|An Taoiseach Bertie Ahern canvassing in Dublin South Central|
It's rare for politicians in power not to claim all the credit for good news, as if life just began on their entry to office, while responsibility for bad news is deflected elsewhere.
For example Michael McDowell claims to have invented the Celtic Tiger but there's no chance that he would accept that his comments on stamp duty reform last September had a scintilla of impact on the second hand housing market.
Business CEOs (hired hands as distinct from entrepreneurs) tend to be the same. It's rare to find people like US investor Warren Buffett who recently attributed a big jump in earnings to luck because of a benign hurricane season - rather than management brilliance.
There is however a danger in believing one's own propaganda.
Julius Caesar reputedly said that the General who rests on his laurels, is usually wearing them in the wrong place.
We see the results of the delusion of the PDs and FF as creators of an economy that is "the envy of the world" and the rest of the related blah-blah.
With that sense of smugness, why get too worked up about infrastructure and services?
Why worry about putting in place reforms in governance/public sector/planning/squeezing out of the productive sector through fueling property mania with loads of tax incentives that were not necessary and so on/ when the path to permanent prosperity has been found?
When did ministers have to come through Dublin Airport on a Sunday night after 11:00 pm like the common passengers - hundreds coralled into a narrow passageway leading to a makeshift passport control section - then to eventually get outside with a triple column queue for taxis extending beyond the Arrivals building?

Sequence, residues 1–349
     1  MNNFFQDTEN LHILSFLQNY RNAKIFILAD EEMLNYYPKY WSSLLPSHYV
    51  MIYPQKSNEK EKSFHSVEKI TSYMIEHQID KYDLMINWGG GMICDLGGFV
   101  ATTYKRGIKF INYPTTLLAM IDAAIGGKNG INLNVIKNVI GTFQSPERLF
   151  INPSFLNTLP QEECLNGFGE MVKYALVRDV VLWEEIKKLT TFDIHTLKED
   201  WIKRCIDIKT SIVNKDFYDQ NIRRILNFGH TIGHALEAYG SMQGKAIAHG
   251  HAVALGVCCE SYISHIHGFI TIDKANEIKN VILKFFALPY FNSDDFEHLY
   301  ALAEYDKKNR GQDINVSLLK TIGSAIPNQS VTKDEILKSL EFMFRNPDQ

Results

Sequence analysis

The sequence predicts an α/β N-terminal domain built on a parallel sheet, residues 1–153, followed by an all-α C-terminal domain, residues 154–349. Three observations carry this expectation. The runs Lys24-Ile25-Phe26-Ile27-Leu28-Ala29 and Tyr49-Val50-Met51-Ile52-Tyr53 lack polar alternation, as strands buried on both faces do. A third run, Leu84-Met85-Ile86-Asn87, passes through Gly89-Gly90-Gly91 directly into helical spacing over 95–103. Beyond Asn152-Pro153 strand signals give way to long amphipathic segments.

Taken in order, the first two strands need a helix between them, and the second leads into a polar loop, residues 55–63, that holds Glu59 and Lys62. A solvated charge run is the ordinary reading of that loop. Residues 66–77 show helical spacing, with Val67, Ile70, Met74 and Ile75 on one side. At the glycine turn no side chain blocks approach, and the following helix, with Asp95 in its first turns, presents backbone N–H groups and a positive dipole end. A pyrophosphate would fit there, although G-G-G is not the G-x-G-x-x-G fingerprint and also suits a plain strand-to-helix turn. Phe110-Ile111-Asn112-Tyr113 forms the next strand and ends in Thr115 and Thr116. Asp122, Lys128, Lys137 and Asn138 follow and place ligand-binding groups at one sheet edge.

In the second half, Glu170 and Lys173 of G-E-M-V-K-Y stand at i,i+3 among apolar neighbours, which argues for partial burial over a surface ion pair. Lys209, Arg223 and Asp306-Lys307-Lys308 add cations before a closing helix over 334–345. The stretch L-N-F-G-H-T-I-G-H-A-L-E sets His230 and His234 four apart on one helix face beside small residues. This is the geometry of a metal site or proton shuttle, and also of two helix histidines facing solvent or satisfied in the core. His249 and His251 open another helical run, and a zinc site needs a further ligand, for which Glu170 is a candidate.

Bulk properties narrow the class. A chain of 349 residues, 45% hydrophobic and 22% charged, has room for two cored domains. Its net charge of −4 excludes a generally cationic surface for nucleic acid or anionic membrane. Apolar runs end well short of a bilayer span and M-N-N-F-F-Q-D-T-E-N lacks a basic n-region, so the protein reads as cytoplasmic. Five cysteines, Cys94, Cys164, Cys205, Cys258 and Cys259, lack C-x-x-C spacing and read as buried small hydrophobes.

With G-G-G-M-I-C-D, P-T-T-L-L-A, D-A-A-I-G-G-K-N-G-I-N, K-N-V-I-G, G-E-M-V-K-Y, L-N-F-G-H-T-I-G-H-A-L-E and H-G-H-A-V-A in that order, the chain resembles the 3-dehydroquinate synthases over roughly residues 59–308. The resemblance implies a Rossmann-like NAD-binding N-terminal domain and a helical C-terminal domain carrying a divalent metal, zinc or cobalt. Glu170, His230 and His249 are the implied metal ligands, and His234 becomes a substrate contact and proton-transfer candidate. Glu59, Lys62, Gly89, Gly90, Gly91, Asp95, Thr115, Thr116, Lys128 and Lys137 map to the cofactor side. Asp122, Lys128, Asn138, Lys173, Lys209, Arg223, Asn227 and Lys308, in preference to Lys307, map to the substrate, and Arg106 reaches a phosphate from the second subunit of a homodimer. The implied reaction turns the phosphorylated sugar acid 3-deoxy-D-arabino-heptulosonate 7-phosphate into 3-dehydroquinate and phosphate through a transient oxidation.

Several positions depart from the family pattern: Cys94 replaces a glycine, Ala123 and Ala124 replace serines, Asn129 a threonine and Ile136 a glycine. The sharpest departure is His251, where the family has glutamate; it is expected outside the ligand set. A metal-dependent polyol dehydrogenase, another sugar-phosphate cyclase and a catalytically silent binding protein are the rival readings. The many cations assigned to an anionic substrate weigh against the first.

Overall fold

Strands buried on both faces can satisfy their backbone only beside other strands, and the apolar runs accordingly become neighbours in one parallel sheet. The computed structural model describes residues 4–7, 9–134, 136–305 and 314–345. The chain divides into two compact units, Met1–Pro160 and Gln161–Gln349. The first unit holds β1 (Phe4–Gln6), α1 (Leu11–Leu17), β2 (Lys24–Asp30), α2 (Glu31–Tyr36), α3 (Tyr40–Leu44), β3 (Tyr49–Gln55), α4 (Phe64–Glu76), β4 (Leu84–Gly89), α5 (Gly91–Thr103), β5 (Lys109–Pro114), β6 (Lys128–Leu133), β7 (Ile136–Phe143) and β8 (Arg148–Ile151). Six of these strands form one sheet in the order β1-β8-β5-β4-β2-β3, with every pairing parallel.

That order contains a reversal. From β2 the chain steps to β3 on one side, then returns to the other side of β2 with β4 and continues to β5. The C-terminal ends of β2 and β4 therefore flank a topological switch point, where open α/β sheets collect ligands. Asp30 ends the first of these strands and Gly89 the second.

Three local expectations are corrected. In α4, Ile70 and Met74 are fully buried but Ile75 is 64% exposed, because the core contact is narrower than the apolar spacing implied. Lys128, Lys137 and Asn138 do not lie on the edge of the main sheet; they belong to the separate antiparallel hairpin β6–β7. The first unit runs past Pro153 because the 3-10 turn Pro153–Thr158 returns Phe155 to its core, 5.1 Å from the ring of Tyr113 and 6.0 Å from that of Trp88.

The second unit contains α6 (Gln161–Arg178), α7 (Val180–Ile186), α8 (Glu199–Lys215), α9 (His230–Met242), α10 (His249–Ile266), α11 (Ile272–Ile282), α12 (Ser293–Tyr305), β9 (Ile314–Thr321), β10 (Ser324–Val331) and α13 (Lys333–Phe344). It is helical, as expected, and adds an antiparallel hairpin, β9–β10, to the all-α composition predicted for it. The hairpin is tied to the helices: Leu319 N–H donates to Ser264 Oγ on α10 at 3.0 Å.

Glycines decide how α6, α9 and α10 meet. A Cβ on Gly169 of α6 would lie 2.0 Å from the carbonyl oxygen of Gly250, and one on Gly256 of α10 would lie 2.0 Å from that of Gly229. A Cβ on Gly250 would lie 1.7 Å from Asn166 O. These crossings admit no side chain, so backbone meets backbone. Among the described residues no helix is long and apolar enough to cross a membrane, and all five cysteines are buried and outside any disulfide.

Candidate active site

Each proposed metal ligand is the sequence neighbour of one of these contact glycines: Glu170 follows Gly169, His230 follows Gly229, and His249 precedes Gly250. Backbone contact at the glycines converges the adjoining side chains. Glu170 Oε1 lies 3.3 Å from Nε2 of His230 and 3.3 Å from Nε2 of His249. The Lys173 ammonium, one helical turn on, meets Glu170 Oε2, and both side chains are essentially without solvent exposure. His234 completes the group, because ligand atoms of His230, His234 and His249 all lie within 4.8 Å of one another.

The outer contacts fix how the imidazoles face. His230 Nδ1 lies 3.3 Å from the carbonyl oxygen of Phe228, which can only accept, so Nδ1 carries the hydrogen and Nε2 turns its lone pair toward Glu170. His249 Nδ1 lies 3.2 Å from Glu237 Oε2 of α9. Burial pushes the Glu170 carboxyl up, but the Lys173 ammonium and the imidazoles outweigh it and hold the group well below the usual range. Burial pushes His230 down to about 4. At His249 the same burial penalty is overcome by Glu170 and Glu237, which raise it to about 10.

Should they be really surprised that after 10 years, a grateful people who embarked at an efficiently run airport, are not willing to kiss the hemlines of their cloaks?
Low Corporation tax, which at a zero rate on exports was introduced in 1956 and the takeoff of the modern tech sector in the US, plus a semi-tax haven status for other income, rather than income taxes ensured that Ireland got 25% of greenfield US direct investment for a number of years in the 1990's with 1% of Europe's population.
William Prasifka, the chairman of the Competition Authority, said in 2006 that “in too many areas, Ireland has not willingly embraced competition. European Directives forced the introduction of minimum levels of competition in the telecommunications and energy sectors. In other areas, such as taxis and pharmacies, legal advice or court actions precipitated change.”
Businessman Feargal Quinn said said earlier this week, that it “simply beggars belief that a State that could develop such an enlightened attitude to scientific research should be the very same State which through inertia and ineptitude has allowed Ireland to languish year after year in the lower reaches of the international league of broadband penetration”.
The key really is that aspirations and allocating funding and cutting taxes, are the easy part.
The Department's of Micheál Martin and Dick Roche are still churning out press releases on funding allocations - but don't ask them about water or why venture capital in Irish innovation companies fell to €4.2 million in Q1 2007 - but we may have a world-class knowledge economy in 6 years.
And what have FF and the PDs to say about our 1920's system of governance where the buck stops nowhere?
The PD boast is that income taxes were reduced a property boom, while the overall tax burden remained unchanged and the state of Ireland would be far worse with FF in power alone, with builders calling the shots.
How hollow it will sound in times to come - we cut waiting lists in the last 2 years of the 10 year period because Micheál Martin had ended up in Rip Van Winkleland wading through the 145 reports he had commissioned as Minister for Health over 4 years
As to implementing significant public sector reform -- oh the OECD is going to tell us what has to be done later in the year!